Although the peak season of anime conventions has passed, a new convention the weekend before Thanksgiving was a welcome sight for a community starving for an in-depth showcase of Japanese pop culture. Anime NYC (animenyc.com) is an anime convention created by LeftField Media, an organization made up of fans and convention organizers, for the city that never sleeps. With a good amount of support from Crunchyroll and other industry supporters, Anime NYC was what I and many other NY-based anime fans wanted for so long – a new place to call home.
While Anime NYC made its debut this year, there have been prior attempts to have anime conventions in the NY metropolitan area. There was Big Apple Anime Fest in 2002 and 2003, but a gap in the market arose after it shut its doors, and New York Anime Festival debuted in 2007 to fill it. NYAF had a decent amount of success until it was absorbed into New York Comic-Con in 2010. That year had a good hurrah of Japanese guests, but sadly it was the last. The NYAF part of NYCC was phased out in 2011 and NYCC became the complete attraction. It didn’t help that all of this happened during a time where the anime and manga markets in the U.S. crashed.
While NYCC continued to have anime/manga guests and booths, the amount of Western-based content always dwarfed it, and marketing never gave much attention to anime/manga. Some fans have noted that they were basically stuck in the basement of the geek hierarchy in NYC. With anime and manga picking up steam again in 2013, thanks to Crunchyroll and the success of Attack on Titan, NYC-based fans were clamoring for an anime convention that made them feel important versus NYCC. There’s another NYC-based convention called Liberty City Anime Con, but it didn’t quite seem to fill the void. In October 2016, the dream happened when Anime NYC was announced for November 17-19, 2017.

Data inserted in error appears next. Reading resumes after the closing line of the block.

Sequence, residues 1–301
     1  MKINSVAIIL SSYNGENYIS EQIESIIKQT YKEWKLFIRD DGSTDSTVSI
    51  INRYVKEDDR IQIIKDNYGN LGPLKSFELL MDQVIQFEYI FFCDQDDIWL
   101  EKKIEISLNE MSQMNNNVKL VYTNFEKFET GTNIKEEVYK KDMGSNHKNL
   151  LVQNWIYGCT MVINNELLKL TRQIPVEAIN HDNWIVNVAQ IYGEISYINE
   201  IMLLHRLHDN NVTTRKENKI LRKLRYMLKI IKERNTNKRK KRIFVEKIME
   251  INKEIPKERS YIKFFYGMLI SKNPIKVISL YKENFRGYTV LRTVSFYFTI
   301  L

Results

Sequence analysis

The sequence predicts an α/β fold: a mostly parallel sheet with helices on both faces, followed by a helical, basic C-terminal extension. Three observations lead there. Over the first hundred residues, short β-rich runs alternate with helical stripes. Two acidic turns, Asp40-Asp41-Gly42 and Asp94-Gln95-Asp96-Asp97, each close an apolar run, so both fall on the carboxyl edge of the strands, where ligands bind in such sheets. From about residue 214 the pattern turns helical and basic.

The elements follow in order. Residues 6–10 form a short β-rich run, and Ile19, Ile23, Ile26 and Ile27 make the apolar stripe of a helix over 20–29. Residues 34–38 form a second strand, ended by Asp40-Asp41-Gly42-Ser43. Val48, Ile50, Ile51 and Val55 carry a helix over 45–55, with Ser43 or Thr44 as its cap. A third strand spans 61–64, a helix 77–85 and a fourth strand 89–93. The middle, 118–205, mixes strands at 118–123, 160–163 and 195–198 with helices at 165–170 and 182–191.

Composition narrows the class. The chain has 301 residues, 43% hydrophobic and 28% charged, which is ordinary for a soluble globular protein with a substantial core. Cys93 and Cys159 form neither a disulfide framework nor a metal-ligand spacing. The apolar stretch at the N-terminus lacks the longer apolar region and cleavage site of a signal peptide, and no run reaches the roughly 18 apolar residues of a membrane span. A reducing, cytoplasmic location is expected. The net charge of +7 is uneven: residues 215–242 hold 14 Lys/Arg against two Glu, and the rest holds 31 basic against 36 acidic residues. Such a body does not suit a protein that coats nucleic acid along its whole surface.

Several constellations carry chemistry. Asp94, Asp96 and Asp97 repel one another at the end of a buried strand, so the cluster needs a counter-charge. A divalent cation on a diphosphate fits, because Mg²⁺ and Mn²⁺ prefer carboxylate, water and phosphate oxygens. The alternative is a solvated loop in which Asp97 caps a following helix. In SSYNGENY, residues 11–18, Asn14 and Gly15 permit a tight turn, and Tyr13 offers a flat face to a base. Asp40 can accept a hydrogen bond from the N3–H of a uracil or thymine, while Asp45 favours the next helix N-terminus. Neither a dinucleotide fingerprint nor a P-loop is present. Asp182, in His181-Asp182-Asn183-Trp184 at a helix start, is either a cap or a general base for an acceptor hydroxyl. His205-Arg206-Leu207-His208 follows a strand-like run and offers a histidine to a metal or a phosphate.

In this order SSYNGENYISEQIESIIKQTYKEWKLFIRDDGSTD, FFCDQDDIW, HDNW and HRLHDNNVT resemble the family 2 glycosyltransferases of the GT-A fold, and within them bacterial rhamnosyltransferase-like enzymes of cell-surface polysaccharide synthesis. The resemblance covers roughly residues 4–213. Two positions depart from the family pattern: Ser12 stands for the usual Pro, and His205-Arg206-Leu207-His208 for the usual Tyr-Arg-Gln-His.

The Event Itself
As soon as I first came into the Jacob Javits Center and saw nothing but anime and manga, I felt something magical was going to happen. Although the con took up only half of the convention center, a good amount of foot traffic trickled throughout. Cosplayers were out in full force, and the best part was that almost all of the cosplay was anime and/or Japanese-influenced. Some of the most popular cosplay I noticed were My Hero Academia, Dragon Ball, Sailor Moon, Persona 5, Final Fantasy XV, and Overwatch.
The exhibit hall was packed with so many things to see and do; close by, there were 3 panel rooms that hosted all the panels. There was a main stage, below the exhibit hall, which hosted the major guests of the convention. I got to attend 3 panels on Saturday: Kodansha Comics Panel, Cosplay with Disabilities, and Japanese Feminism 101. Although I didn’t attend any other panels and special events on Friday and Sunday, the panels I attended (especially the latter 2) focused on topics that were of great interest to many fans. What was neat about the panels was that there were sign language interpreters for fans with hearing disabilities.
There was also a section of the dealers’ room dedicated to video games. Tokyo Attack! provided all the arcade-style cabinets, and it was neat seeing fans gather around either waiting to play or chatting it up with other players.